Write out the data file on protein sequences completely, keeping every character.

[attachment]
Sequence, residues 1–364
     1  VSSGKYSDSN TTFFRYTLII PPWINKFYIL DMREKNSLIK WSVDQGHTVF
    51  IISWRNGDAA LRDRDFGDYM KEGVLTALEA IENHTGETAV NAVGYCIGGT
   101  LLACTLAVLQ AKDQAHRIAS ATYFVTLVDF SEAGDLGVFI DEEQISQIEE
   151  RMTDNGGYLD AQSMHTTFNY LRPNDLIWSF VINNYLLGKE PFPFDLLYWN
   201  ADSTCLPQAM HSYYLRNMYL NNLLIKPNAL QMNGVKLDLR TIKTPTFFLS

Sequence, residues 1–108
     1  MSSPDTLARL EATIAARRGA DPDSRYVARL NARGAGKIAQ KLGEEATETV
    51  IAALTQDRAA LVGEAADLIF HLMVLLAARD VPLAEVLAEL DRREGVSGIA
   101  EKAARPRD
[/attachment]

Sequence, residues 1–364
     1  VSSGKYSDSN TTFFRYTLII PPWINKFYIL DMREKNSLIK WSVDQGHTVF
    51  IISWRNGDAA LRDRDFGDYM KEGVLTALEA IENHTGETAV NAVGYCIGGT
   101  LLACTLAVLQ AKDQAHRIAS ATYFVTLVDF SEAGDLGVFI DEEQISQIEE
   151  RMTDNGGYLD AQSMHTTFNY LRPNDLIWSF VINNYLLGKE PFPFDLLYWN
   201  ADSTCLPQAM HSYYLRNMYL NNLLIKPNAL QMNGVKLDLR TIKTPTFFLS

Sequence, residues 1–108
     1  MSSPDTLARL EATIAARRGA DPDSRYVARL NARGAGKIAQ KLGEEATETV
    51  IAALTQDRAA LVGEAADLIF HLMVLLAARD VPLAEVLAEL DRREGVSGIA
   101  EKAARPRD